Last month Günther Oettinger, the European Commissioner for Energy, announced his eagerly-awaited plan for Oil and Gas European Health, Safety and Environmental regulation in the wake of the Macondo incident. The proposed directive that he unveiled confirms that, although there will be further points to follow from Europe, the role and remit of the existing UK Health and Safety Executive (HSE) system will continue. This was greeted warmly by Oil and Gas UK as welcome recognition of the high standards in offshore safety that have been achieved since the Piper Alpha disaster.
The intention to seek legislative change flows from the Macondo incident in the Gulf of Mexico, the tragic consequences of which are well known, and the determination to prevent a similar disaster happening in the North Sea by adopting best practice across Europe. In October 2011 the European Commission (EC) published draft legislative proposals for offshore safety as it believes “the likelihood of a major offshore accident in European waters remains unacceptably high.” The EC had signalled its intention to prepare a Regulation that would apply to all of the European Union’s (EU) 27 member states and Norway, which is a member of the European Economic Area (EEA).
There was concern that a large oil release/spill could affect several EU or EEA member states. Given the extent of the Macondo spill and the fact that such a spill would not be bound by national boundaries the EU sought to introduce pan-European regulation to ensure consistency in relation to offshore health and safety and environmental regulation and obligations.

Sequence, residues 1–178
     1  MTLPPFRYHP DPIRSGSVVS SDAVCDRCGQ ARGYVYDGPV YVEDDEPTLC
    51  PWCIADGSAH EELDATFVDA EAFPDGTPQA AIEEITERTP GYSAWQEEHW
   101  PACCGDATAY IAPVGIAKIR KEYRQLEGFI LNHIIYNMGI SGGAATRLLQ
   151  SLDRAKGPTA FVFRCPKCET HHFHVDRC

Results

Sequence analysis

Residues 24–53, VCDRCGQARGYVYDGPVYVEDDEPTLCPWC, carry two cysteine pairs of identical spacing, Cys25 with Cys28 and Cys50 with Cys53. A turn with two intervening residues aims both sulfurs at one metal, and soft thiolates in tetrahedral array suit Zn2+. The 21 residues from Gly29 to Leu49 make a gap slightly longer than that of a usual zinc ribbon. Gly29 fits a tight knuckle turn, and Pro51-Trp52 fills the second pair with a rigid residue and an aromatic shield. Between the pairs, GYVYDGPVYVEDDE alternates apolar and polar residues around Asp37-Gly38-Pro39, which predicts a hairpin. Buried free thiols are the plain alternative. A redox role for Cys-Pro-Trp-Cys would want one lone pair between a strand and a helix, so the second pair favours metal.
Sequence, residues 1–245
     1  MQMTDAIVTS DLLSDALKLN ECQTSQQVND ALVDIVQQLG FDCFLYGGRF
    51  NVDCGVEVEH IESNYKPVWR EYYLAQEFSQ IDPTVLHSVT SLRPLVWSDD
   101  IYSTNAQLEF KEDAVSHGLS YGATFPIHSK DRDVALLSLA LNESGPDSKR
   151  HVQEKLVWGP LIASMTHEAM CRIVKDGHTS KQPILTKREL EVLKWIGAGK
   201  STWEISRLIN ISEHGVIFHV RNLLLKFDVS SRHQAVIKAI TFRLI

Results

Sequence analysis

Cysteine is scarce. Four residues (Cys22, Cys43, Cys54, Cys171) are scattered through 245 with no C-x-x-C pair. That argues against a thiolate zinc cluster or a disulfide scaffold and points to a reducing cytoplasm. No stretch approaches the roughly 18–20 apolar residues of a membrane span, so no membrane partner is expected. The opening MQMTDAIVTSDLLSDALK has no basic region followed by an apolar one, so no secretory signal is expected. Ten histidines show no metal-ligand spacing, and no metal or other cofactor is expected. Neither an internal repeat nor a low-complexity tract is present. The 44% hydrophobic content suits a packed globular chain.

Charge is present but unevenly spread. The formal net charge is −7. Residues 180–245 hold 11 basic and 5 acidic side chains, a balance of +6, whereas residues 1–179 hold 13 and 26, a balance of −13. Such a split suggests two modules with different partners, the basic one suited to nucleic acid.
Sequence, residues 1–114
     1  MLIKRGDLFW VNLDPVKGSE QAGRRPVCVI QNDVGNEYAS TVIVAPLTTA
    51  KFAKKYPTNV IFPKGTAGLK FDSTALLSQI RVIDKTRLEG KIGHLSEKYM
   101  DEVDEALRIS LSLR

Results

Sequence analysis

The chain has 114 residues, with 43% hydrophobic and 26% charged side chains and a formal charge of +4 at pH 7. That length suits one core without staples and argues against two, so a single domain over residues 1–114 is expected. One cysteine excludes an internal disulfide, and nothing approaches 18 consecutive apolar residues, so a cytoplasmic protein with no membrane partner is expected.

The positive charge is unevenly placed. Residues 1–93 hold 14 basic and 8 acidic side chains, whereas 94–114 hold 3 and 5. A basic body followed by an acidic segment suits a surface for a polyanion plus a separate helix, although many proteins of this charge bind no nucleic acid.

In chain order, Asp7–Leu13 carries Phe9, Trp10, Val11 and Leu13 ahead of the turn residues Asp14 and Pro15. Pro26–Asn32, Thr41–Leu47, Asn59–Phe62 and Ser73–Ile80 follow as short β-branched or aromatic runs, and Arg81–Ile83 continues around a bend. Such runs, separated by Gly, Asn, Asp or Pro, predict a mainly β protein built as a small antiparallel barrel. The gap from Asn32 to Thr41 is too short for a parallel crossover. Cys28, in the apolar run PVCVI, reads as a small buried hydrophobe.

In autumn 2011 there were nearly 1,000 offshore installations operating in the EU. Nearly half were in the UK but there were also many off Denmark, Holland and Italy. Along with those with more established drilling activity and Health, Safety, Environment and Quality regimes there were newer entrants with less established regimes including Romania, Spain, Germany, Ireland, Greece, Bulgaria and Poland. There were also plans for drilling off Cyprus and Malta.
Developments in technology had been opening up opportunities and these advances, combined with the high price of oil, were also making reserves that were in deeper water with high pressure high temperature wells more viable. Of course, these new opportunities also mean new risks in areas earmarked for exploration drilling in deep water West of Shetland, off Norway toward the Arctic and in Romanian waters of the Black Sea.
Of course, the UK has established a health and safety regime that is widely regarded as the 'gold standard', built on the harsh lessons learnt following the Piper Alpha explosion in 1988 and the recommendations made by Lord Cullen's public inquiry into the disaster. The EU had commented that the North Sea "risk-based regulatory framework is considered amongst the very best in the world". In addition, post Macondo, there was a prompt and comprehensive response by the UK, for example convening the Oil Spill Prevention and Response Advisory Group (OSPRAG), which EU representatives were invited to attend and observe. In addition, there were various reviews, such as the report commissioned by Oil & Gas UK and GL Noble Denton and further comment, analysis by Professor Maitland who reported on the UK response in December 2012.
Along with the meetings and reviews there was also action. In May 2011, a major two-day drill, Exercise SULA, was carried out to simulate how the UK would react to a major oil spill incident offshore, with a focus on well control, at sea counter pollution measures and shoreline protection. The exercise tested subsea well control response capability, command and control functions, and the counter pollution response used to control an ongoing oil spill. During July 2011, the UK oil and gas industry also successfully tested its ability to deploy a well capping device in the waters west of Shetland.